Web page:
The thirteen people who died when a packed SUV collided with a semitruck near the U.S.-Mexico border Tuesday were among 44 people who entered the U.S. through a hole cut into Southern California’s border fence, Border Patrol said Wednesday.
Gregory Bovino, the agency’s El Centro sector chief, told the Associated Press that surveillance video showed a Ford Expedition and Chevrolet Suburban drive through the opening early Tuesday.
The Suburban carried 19 people, and it caught fire after entering the U.S., according to the Associated Press. All escaped the vehicle and were taken into custody by Border Patrol agents.
The 1997 Ford Expedition, with seats removed, had 25 people inside when a big rig slammed into its side at the intersection of State Route 115 and Norrish Road near Holtville, California, said Omar Watson, Highway Patrol Division chief.
The crash occurred about 10 miles north of the border, and a Mexican government official said at least 10 of the victims who died were Mexican nationals.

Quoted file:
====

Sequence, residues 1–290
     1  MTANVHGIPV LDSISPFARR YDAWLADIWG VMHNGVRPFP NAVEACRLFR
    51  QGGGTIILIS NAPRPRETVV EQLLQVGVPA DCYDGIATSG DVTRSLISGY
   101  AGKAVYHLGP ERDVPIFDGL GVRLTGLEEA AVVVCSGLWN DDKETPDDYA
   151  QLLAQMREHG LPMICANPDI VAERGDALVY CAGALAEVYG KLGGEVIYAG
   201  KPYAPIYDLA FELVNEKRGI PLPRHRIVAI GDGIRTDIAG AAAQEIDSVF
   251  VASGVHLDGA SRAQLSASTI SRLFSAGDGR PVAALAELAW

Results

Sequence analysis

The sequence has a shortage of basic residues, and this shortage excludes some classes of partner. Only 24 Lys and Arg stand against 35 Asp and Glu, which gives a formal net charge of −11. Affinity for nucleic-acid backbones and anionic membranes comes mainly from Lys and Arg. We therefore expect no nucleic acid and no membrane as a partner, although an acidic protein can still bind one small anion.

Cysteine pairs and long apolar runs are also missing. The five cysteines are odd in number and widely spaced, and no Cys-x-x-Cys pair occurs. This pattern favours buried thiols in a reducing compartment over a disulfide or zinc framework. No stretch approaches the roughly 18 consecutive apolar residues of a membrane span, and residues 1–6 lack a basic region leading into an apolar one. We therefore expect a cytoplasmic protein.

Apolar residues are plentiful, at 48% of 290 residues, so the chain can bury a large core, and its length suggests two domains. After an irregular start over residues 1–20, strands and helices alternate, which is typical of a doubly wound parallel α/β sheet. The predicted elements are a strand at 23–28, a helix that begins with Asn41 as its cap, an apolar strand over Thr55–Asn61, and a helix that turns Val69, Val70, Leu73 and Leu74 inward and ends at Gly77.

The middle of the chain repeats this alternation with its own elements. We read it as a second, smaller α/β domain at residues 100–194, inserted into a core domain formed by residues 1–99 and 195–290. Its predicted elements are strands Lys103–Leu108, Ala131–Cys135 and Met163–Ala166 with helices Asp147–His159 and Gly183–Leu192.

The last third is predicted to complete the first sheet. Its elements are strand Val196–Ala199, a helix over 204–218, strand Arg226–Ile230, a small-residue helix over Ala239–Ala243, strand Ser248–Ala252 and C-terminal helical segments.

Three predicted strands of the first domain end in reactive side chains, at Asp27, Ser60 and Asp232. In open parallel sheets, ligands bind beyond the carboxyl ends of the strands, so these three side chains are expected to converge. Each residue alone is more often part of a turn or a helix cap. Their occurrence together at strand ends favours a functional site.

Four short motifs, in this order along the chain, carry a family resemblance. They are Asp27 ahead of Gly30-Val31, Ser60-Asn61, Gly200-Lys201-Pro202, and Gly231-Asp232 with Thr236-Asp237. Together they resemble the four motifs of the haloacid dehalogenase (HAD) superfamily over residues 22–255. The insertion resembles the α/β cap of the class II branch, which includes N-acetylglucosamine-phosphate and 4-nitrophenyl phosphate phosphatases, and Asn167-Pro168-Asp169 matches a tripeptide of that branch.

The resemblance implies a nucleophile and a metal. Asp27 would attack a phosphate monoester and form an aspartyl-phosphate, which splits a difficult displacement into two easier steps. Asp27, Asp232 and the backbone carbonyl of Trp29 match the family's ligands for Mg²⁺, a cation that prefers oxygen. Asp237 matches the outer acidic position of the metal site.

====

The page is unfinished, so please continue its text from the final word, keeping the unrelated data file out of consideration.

The Border Patrol said its agents were not pursuing the vehicle before the crash. The opening in the fence was about 30 miles east of the crash in the heart of California’s Imperial Valley, a major farming region.
The area has long been a major route for illegal border crossings. Federal authorities said late Tuesday they were investigating any possible links to human smuggling.
“It would be premature for me to speculate or discuss what caused this collision. What we have to keep in mind is that 13 people died in this crash,” Watson said Tuesday. “It’s a very sad situation.”
Breaking news:At least 13 dead after truck slams into SUV carrying 25 near US-Mexico border
Here’s what we know now:
What happened in the crash?
A preliminary report released Tuesday by the highway patrol said the SUV, driven by a 28-year-old resident of Mexico, “entered the intersection directly in front” of a Peterbilt truck. Police said it wasn’t clear why the SUV entered the intersection, but the truck struck its left side, immediately killing the SUV driver.